New Belts: the Harrison, the Martin and the Matchstick

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I’ve been meaning to add some new belt models for a while, and I’m happy to finally show them off. After the big studio move, things were understandably chaotic. Now that the dust is settling and some client catch-up work is back on schedule, I can get back to our own offerings.

Starting with the Harrison, I went with a bold, yet comfortable buckle. It has a feel of old folk and rock-and-roll. What belt was George wearing on the cover of “All Things Must Pass”? I’m pretty sure it looked just like this. It uses our favorite English bridle leather, but I also added a new color too – cognac. It’s available in a stout 1 1/2″ and a slightly more subtle 1 1/4″ width.

The Martin is your classic end-bar buckle shape. Timeless looks, tough W&F character. This one’s named after my Dad, but since most of you haven’t met him, you’ll have to take my work that it’s a good fit. Most honorable and hardest working guy I know. Available in a 1 1/2″ that’s good for jeans and a 1″ width – perfect for casual styles and looks great on women or guys.

Our third release is just for the W&F women… the super svelte Matchstick. It’s a clean 5/8″ width with a tiny solid brass center-bar buckle. Sizing for this one has more range, so it can be worn low on the hips or high on the waist. Very versatile for jeans or dresses. Same hard-wearing English bridle leathers, but takes on a decidedly softer feel with the thin width.

All are available in the store today! Built upon order, they ship in about 5-7 days after purchase.

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Wood&Faulk Travel Pack

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We’ve been working on our take for the standard dopp kit for a while now… Even releasing a very traditional shape to our retail partners earlier this year. After producing a few dozen of them, we just weren’t completely thrilled with it. We wanted something a little different and more fun to make. Following a regular production run and an afternoon of feverish experimenting, the new shape emerged. Not only was it more fun to make, it had much more utility than the first design. A larger, bucket-like opening makes contents easier to see and the vintage loop of tent cord works great as a pull or extended hanger. The new design now also has a nylon liner that’s easy to clean.

Now that we’ve finalized the perfect shape, we’re releasing a (very) limited edition to start with. Using the last small bits of a camouflage printed nylon, there will be eight pieces made for the first release. We don’t have enough camo to enter full production, but it’s too cool not to offer a few. So, there’s two of each color way being made with the nylon camo. First some, first served. When we track down another supply of nylon, we might make more in this style.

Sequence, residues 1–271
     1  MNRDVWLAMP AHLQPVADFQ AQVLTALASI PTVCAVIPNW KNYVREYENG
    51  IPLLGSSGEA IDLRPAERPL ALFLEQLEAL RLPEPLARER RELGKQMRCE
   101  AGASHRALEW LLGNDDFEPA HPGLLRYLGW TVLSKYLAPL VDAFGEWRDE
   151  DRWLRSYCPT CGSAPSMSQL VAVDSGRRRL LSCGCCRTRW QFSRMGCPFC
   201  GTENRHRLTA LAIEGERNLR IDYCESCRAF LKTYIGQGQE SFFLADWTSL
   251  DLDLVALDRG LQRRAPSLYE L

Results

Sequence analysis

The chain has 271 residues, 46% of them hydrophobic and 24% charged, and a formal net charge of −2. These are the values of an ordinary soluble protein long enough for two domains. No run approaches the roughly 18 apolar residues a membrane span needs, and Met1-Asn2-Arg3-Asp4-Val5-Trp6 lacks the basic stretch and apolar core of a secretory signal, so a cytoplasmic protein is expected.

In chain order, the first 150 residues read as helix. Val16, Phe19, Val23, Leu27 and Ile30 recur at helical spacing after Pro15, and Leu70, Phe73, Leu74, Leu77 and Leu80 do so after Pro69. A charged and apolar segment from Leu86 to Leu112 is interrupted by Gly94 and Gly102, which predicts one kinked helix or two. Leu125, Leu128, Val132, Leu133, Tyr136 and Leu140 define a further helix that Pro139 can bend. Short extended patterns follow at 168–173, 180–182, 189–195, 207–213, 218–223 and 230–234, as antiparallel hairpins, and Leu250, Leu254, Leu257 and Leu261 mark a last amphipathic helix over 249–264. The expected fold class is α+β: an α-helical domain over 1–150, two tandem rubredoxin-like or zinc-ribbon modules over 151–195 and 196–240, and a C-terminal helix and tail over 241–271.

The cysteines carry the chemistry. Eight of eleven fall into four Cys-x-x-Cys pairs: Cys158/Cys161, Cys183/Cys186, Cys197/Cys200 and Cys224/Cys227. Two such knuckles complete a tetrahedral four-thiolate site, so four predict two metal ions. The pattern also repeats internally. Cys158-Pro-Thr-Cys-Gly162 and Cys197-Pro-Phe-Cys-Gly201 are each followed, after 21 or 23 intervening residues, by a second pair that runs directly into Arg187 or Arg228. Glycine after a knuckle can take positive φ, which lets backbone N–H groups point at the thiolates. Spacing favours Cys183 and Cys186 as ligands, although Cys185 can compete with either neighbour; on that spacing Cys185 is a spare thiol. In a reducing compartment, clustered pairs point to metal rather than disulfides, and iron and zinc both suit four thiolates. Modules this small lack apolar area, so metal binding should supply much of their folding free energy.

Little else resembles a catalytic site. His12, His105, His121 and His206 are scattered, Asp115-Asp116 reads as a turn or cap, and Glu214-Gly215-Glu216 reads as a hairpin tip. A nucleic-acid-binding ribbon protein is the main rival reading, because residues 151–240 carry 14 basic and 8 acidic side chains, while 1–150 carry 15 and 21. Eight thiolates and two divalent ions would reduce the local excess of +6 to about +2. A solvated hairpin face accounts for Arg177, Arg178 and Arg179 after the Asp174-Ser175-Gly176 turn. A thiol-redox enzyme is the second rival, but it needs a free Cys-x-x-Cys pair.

If you can’t get your hands on the camo version, we’ll be offering continued production with a bark brown nylon liner. The bags are made with water resistant US milled canvas, huge YKK zippers, a small bit of SB Foot leather and vintage stock tent cord. Available in the store today!

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Campfire Starters

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The season for campfires is upon us. Whether you’re in the forest or in your backyard, a simple DIY fire starter is super helpful. Tiandra, of the W&F family, is sharing her fire starter recipe today. Tiandra is a camping master and knows tons of simple tricks like this to prove it.

You’ll need an empty egg carton, about five handfuls of sawdust and some wax. Beeswax, paraffin or even discarded candles can work for this. Try looking for cheap candles at the thrift store or paraffin in your grocery store baking supply aisle.

Start with the empty egg carton and remove the lid. Fill the carton voids with sawdust and pack it down a bit. Heat up your wax over the stove using a double boiler method. Make sure you’re melting wax in a vessel that won’t be affected by the wax and will be easy to clean. Once the wax is melted completely, slowly pour over the sawdust and completely saturate. If it looks like wet oatmeal, you’re doing it right.

After drying, you’ve got a dozen little fire starters ready for your next burn. Carve some shavings to cover and then build your wood structure around it.

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Wood grain, plaid and brass

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Here’s just a check-in of recent things happening in the shop. Firstly, we’re introducing brown stained Ash legs to the campstool options. The darker brown legs looks amazing with all the colors, with my favorite being the tan combo. The lighter seat and dark legs look quite sharp. They are available here as of today.